Fresh Air

Weekdays, 10:00 a.m. - 11:00 a.m.

Fresh Air opens the window on contemporary arts and issues with guests from worlds as diverse as literature and economics. Terry Gross hosts this multi-award-winning daily interview and features program. The veteran public radio interviewer is known for her extraordinary ability to engage guests of all dispositions. Every weekday she delights intelligent and curious listeners with revelations on contemporary societal concerns.

The initial "selling point" of Mia Alvar's debut short story collection, In the Country, is its fresh subject matter: namely, Filipinos living under martial law in the 1970s in their own country and in exile, working as maids, engineers, teachers, health care workers and hired hands in the Middle East and the United States.

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This is FRESH AIR. Rock critic Ken Tucker has a review of the new fourth album from the band Dawes called "All Your Favorite Bands." The California quartet is led by lead vocalist and main songwriter Taylor Goldsmith.

Richard Nixon's presidency has always been one surrounded by questions and controversy: Why did he wiretap his own aides and diplomats? Why did he escalate the war in Vietnam? Why did he lie about his war plans to his secretary of defense and secretary of state? What were the Watergate burglars searching for, and why did Nixon tape conversations that included incriminating evidence?

Fresh Air Weekend highlights some of the best interviews and reviews from past weeks, and new program elements specially paced for weekends. Our weekend show emphasizes interviews with writers, filmmakers, actors and musicians, and often includes excerpts from live in-studio concerts. This week:

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We English-speakers take a perverse pride in the orneriness of our spelling, which is one reason why the spelling bee has been a popular entertainment since the 19th century. It's fun watching schoolchildren getting difficult words right. It can be even more entertaining to watch literate adults getting them wrong.

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Why do songs get stuck in your head? Where did that weird dream come from last night? The new Disney Pixar film Inside Out takes an animated peek into the inner workings of our minds.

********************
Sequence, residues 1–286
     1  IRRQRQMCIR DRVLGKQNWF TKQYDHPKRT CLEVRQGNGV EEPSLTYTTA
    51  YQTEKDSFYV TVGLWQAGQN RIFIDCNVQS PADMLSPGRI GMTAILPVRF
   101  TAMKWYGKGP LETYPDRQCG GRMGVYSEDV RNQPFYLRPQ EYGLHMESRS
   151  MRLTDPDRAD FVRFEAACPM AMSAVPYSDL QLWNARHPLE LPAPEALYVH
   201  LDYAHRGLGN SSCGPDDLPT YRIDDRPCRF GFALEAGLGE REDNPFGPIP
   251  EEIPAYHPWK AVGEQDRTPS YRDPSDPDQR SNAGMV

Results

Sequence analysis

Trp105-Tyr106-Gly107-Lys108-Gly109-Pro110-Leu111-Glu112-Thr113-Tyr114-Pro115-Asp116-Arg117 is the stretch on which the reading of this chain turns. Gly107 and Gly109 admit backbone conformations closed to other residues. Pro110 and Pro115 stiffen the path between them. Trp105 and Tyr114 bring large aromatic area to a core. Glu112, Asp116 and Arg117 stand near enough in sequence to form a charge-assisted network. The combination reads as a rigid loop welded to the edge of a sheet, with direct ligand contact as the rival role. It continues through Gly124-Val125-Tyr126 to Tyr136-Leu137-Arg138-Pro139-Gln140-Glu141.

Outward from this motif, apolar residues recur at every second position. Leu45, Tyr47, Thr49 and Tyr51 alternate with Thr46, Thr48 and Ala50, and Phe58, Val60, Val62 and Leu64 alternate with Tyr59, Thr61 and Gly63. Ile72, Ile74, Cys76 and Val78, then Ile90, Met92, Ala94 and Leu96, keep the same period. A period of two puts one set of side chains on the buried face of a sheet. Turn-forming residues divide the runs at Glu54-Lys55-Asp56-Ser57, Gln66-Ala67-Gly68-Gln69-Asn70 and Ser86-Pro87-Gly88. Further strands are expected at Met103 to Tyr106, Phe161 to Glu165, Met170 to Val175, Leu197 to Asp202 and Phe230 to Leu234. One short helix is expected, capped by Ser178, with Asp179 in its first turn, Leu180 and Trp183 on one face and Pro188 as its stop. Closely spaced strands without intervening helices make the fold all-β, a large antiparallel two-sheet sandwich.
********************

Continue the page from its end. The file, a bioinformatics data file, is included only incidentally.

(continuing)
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Mahatma Gandhi, who used passive resistance in the fight for Indian independence, is known worldwide as a symbol of peace. But Americans know much less about the violence that erupted when the British pulled out of India in 1947.

After Muslim leaders demanded their own state, Muslims, Hindus and Sikhs attacked each other in riots and massacres. In his new book, Midnight's Furies, Nisid Hajari explores the partition that created Pakistan as a separate state, the violence surrounding the partition and why those tensions persist to this day.

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Copyright 2015 NPR. To see more, visit http://www.npr.org/.

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DAVE DAVIES, HOST:

Fresh Air Weekend highlights some of the best interviews and reviews from past weeks, and new program elements specially paced for weekends. Our weekend show emphasizes interviews with writers, filmmakers, actors and musicians, and often includes excerpts from live in-studio concerts. This week:

Copyright 2015 NPR. To see more, visit http://www.npr.org/.

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This is FRESH AIR. I’m David Bianculli sitting in for Terry Gross.

(SOUNDBITE OF ARCHIVED RECORDING)

RUDY VALLEE: When you work with your brother Ira, which comes first, the words or the music?

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Antidepressants and anti-anxiety medications can be harmful to the developing fetus. Pregnant women who suffer from serious depression face a difficult dilemma: Should they continue taking medication and risk unknown side-effects to the fetus, or go through their pregnancies trying to handle their depression without medication?

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This is FRESH AIR. Music critic Milo Miles has a review of the latest release from Bassekou Kouyate, a veteran bandleader and musician from Mali. Milo says rock and soul come together on his band's fourth album "Ba Power."

There's a side to the Internet most people have never visited. Tor Hidden Services, or the Tor Network, is an encrypted, hidden network of about 50,000 websites that can't be accessed with a traditional browser like Chrome or Firefox. Its users include criminals, trolls and extremists.

Author Jamie Bartlett, who chronicles the secret corners of the Internet in his book The Dark Net, likens it to the "Wild West."

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This is FRESH AIR. Travel near and far, literary souvenirs and the cruise ship companionship of an animal are the subjects of the novels and works of nonfiction on Maureen Corrigan's list of early summer book recommendations.

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